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Wednesday, July 17, 2019

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Governor candidates talk budget, taxes, without David Vitter

Governor candidates talk budget, taxes, without David Vitter

BATON ROUGE, La. (AP) — With one of their major rivals absent, three candidates vying to be Louisiana's next governor talked on Wednesday night about the tax plans they would consider to end cycles of budget woes in the state.

Republican Scott Angelle, Republican Jay Dardenne and Democrat John Bel Edwards, meeting in a statewide televised debate, each suggested they'd comb through the state's more than $7 billion list of tax breaks and start looking for ways to trim that spending.

GOP U.S. Sen. David Vitter didn't attend, citing his work in Washington.
At the debate, only Dardenne, the state's lieutenant governor, suggested that he would consider raising personal income taxes to fill budget gaps — though he stressed that wouldn't be his first approach.

"I think we have an obligation to consider everything and to lay out to the people of Louisiana what their options are," Dardenne said, after saying he'd first seek to shrink government agencies.

Edwards, a state representative from Tangipahoa Parish, said he would seek to lower income taxes in exchange for getting rid of tax breaks that allow people to take deductions for federal income taxes paid and for certain itemized expenses.

"I would cap every tax credit and every tax rebate to make sure we know what they're going to cost and so we can budget accordingly," Edwards said, without providing a cap amount.

Angelle, a member of the Public Service Commission from Breaux Bridge, said the state needs to create a tax break review panel. By doing a cost-benefit analysis and getting rid of exemptions deemed to have little benefit, Angelle said, more money would stay in the state treasury.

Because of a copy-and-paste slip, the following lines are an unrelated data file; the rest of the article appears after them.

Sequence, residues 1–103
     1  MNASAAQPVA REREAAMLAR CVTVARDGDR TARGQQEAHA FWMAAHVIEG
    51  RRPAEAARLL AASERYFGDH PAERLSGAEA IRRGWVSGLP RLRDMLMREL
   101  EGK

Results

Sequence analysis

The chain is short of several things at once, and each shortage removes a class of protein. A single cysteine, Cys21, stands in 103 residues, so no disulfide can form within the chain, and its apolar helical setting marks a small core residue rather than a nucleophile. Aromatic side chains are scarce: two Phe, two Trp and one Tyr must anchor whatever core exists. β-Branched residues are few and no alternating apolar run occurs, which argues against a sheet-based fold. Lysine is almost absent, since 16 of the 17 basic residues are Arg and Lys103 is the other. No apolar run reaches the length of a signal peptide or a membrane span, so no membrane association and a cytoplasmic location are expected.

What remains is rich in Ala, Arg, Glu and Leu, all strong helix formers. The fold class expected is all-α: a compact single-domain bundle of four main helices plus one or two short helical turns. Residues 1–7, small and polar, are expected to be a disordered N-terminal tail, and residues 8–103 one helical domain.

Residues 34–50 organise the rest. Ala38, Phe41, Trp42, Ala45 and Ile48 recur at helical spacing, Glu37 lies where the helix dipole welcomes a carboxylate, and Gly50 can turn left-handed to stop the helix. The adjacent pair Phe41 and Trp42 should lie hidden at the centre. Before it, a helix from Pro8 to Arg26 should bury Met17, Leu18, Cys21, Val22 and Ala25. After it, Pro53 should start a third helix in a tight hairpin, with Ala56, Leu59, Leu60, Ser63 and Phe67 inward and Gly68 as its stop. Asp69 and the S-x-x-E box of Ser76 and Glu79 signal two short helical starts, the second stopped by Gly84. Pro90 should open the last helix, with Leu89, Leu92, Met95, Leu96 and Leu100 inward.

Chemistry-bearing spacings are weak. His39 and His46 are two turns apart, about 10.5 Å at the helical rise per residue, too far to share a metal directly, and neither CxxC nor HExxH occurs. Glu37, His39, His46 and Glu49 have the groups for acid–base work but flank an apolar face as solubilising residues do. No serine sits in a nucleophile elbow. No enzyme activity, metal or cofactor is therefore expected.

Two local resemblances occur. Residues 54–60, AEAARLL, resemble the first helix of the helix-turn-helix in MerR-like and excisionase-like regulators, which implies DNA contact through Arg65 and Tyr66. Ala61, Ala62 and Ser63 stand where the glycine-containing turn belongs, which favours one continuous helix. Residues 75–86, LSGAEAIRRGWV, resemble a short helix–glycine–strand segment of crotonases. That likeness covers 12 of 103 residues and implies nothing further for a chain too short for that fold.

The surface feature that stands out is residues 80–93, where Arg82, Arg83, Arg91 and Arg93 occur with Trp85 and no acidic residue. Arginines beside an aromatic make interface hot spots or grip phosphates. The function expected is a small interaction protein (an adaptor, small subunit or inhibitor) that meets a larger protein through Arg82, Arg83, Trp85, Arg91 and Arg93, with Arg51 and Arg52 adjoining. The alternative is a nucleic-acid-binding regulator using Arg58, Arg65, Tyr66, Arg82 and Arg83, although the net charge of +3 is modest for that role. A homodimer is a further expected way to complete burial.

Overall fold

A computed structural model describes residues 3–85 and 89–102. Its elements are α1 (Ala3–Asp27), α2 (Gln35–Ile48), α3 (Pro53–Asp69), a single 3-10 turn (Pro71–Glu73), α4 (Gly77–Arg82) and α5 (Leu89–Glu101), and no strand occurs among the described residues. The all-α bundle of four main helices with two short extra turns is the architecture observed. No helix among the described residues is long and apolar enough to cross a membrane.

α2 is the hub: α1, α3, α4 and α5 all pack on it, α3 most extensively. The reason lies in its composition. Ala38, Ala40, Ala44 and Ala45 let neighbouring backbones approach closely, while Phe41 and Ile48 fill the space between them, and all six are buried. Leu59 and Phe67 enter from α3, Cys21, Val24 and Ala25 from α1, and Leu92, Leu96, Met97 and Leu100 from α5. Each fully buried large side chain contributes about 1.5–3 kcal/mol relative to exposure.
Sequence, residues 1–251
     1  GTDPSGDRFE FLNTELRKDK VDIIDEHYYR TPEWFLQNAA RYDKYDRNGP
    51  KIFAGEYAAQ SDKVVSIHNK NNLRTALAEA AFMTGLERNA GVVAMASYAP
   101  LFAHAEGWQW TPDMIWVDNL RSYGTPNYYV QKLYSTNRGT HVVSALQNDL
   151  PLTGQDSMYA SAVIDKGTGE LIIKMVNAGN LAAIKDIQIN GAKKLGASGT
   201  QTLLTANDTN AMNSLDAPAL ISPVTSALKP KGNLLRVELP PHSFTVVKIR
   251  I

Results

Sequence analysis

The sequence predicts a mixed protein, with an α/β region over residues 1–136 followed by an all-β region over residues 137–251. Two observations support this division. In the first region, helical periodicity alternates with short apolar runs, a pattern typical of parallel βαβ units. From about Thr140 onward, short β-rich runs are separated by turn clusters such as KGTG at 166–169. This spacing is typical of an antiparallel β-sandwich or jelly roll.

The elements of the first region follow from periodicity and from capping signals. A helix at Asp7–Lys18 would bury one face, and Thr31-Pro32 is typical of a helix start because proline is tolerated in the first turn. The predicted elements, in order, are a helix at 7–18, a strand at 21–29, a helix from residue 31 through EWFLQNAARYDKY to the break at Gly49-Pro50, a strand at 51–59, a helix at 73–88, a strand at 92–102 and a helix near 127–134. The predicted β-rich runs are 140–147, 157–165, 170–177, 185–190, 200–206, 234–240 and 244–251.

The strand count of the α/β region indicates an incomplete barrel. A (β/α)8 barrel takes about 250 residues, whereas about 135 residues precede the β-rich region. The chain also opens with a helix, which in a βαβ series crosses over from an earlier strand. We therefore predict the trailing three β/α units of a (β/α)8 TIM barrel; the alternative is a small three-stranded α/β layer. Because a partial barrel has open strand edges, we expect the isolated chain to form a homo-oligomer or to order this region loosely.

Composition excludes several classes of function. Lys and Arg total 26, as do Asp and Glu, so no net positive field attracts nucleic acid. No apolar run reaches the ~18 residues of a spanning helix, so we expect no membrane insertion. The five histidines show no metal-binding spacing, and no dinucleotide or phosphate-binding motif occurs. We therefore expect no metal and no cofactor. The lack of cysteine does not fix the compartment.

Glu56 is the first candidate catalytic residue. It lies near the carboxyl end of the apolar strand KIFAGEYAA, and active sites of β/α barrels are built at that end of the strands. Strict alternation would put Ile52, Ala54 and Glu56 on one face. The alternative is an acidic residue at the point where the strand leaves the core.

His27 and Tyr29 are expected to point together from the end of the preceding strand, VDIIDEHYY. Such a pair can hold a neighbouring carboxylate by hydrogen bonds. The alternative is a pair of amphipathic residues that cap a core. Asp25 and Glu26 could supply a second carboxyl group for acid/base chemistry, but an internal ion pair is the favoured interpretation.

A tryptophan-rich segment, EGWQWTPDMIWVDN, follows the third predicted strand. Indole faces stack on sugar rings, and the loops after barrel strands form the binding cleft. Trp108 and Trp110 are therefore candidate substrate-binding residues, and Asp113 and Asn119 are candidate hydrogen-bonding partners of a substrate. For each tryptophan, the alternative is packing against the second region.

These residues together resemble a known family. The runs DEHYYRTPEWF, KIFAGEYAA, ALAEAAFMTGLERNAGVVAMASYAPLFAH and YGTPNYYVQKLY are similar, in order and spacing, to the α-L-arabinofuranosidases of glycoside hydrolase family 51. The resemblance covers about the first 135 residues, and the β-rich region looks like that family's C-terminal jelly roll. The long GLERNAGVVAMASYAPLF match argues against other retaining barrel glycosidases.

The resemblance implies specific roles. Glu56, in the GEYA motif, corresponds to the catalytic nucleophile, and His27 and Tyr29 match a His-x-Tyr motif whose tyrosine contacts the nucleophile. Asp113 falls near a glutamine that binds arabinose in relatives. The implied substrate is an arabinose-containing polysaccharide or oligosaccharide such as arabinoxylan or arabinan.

"We have gotten drunk on giving away the people's money," he said.

Louisiana has careened from budget crisis to budget crisis in recent years, with public colleges taking the brunt of the slashing.

Asked to provide details about tax breaks they would seek to ratchet down, Dardenne and Edwards supported lessening a tax break given to the oil and gas industry for horizontal drilling, though they acknowledged savings would be small.

Dardenne also supported continuing a cap on Louisiana's film tax credit, though with a reworked approach. Angelle didn't list individual tax breaks.

When pushed to describe cuts they would make, Edwards returned to the tax breaks, saying those "tax expenditures" should be reduced to help shore up funding for public colleges and health care services.
"A cuts-only approach for seven years has not worked," he said.

Dardenne said he would lessen spending in the governor's office and would pay smaller salaries to top Cabinet officials. Any savings, he said, would be directed to higher education. But he added: "We're not going to be able to make it whole right off the bat. It's been cut too much."

Each of the candidates said they would keep intact a sweeping change enacted by term-limited Gov. Bobby Jindal that turned over operations of most of the LSU public hospital system to private operators.

They disagreed on how to approach the more than $280 million TOPS free college tuition program.
Edwards and Angelle said they don't support capping the tuition payments to students or changing eligibility standards. Dardenne supported a proposal to require lawmakers to vote on whether they want to increase TOPS payments each year, a cost control Dardenne said would help ensure the program's future.

In a more personal moment, asked to describe a difficult time as a parent, Edwards said he and his wife rejected a doctor's advice to have an abortion when they learned their daughter had spina bifida. He said "our Catholic Christian faith did not allow that."
"I cannot imagine our world without Samantha," he said.

With five children, Angelle joked that "having four teenagers in the house at one time has been a blur, and all of it has been challenging."

There was little mention of Vitter at the debate, though Dardenne did accuse the senator of running "many, many false ads" attacking candidates.

Vitter has participated in only one of the three TV debates aired so far.

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